Key point 8-05.1. Many federal employment and civil rights laws apply only to those employers having a minimum number of employees. In determining whether or not an employer has the minimum number of employees, both full-time and part-time employees are counted. In addition, employees of unincorporated subsidiary ministries of a church are counted. The employees of incorporated subsidiary ministries may be counted if the church exercises sufficient control over the subsidiary.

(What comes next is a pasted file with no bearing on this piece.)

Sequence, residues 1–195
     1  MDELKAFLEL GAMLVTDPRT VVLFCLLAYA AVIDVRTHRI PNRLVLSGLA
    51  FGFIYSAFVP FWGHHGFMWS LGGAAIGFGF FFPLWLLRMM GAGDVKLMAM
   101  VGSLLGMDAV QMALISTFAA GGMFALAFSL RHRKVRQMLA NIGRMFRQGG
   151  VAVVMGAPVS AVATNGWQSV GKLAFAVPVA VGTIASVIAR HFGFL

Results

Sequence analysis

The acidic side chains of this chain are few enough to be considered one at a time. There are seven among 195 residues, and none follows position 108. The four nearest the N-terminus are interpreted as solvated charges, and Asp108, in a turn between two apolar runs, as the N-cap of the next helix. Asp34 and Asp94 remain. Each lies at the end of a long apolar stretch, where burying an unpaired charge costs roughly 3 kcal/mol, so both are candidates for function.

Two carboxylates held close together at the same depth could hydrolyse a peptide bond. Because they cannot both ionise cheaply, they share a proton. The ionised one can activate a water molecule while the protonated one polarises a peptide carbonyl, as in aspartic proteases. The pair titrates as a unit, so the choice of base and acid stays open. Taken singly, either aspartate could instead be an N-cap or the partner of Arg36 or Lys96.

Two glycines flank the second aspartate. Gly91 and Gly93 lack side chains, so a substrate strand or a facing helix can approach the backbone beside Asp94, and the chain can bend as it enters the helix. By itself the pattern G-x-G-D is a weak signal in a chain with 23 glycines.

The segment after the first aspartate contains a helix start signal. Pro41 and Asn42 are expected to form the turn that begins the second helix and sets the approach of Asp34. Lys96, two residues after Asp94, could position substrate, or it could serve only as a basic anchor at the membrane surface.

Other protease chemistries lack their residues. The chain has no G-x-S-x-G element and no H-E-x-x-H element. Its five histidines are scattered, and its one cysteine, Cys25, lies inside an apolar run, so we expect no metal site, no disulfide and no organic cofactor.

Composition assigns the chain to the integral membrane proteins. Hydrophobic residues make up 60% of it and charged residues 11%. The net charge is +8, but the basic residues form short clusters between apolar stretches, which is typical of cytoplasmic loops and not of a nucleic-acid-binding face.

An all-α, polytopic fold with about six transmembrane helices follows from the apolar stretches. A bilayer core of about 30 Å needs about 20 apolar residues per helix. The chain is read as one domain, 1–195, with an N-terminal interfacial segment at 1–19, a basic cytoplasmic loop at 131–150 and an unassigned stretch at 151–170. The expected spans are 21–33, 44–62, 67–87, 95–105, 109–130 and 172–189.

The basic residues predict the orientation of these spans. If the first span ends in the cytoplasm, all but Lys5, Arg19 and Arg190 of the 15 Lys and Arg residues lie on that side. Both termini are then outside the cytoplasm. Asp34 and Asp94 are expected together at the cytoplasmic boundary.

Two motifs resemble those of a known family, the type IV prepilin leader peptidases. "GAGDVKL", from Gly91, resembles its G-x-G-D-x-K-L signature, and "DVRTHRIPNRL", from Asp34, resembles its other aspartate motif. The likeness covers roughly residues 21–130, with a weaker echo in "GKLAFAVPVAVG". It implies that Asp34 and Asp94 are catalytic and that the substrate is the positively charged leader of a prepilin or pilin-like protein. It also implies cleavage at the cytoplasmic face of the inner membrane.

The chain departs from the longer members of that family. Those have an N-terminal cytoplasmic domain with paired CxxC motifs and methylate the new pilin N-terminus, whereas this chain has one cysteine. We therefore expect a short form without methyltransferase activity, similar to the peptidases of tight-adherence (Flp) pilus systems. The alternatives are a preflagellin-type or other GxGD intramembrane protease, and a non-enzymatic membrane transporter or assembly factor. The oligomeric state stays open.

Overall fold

* The United States Supreme Court ruled that the "15 employee" requirement for employer coverage under Title VII of the Civil Rights Act of 1964 is not "jurisdictional," and so employers with fewer than 15 employees lose this defense if they fail to raise it before the end of a trial. Title VII of the Civil Rights Act of 1964 prohibits employers engaged in interstate commerce and having at least 15 employees from discriminating in any employment decisions on the basis of race, color, national origin, gender, or religion. Some courts have ruled that the 15 employee requirement is "jurisdictional," meaning that a court does not have the legal authority to resolve a Title VII case involving an employer with fewer than 15 employees. As a result, an employer can raise the "less than 15 employees" defense at any time, even after a court renders a judgment. Other courts have ruled that the 15 employee requirement is not jurisdictional, but rather is simply a requirement for a Title VII claim. Under this interpretation, the "less than 15 employees" defense must be asserted in an employer's response to a lawsuit or it will be waived.